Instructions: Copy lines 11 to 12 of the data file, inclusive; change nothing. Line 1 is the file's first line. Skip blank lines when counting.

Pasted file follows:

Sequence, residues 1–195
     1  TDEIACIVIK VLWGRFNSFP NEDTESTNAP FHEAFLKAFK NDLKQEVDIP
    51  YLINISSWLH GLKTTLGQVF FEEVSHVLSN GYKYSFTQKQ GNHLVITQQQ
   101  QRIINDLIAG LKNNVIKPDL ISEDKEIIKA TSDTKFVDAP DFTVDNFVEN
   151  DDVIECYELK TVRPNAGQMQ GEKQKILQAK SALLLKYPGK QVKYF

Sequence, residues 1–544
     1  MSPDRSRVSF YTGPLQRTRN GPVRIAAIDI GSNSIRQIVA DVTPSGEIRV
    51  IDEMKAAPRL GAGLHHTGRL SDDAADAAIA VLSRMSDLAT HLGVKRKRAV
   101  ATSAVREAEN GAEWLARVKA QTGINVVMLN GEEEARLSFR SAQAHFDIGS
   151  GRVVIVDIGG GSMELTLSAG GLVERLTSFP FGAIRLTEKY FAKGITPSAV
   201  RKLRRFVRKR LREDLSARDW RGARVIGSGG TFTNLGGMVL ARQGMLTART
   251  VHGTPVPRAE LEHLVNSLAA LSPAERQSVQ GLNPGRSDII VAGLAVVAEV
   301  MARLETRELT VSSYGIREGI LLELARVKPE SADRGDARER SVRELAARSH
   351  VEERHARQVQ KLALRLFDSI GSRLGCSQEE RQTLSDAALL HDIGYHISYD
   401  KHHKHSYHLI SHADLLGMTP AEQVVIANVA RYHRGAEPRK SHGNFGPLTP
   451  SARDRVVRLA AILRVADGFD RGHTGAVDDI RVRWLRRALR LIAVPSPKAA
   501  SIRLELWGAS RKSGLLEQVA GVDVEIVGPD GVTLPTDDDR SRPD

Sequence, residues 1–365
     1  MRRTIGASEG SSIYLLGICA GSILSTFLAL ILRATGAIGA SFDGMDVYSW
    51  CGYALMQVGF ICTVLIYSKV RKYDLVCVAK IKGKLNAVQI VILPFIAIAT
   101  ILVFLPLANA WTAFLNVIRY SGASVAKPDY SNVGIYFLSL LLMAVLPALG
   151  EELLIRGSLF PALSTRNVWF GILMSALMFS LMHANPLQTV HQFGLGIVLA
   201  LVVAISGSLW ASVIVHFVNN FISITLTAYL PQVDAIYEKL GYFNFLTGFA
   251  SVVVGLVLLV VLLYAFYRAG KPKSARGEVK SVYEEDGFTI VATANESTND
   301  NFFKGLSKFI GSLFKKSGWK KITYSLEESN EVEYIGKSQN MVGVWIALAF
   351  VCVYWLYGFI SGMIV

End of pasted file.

   201  RKLRRFVRKR LREDLSARDW RGARVIGSGG TFTNLGGMVL ARQGMLTART
   251  VHGTPVPRAE LEHLVNSLAA LSPAERQSVQ GLNPGRSDII VAGLAVVAEV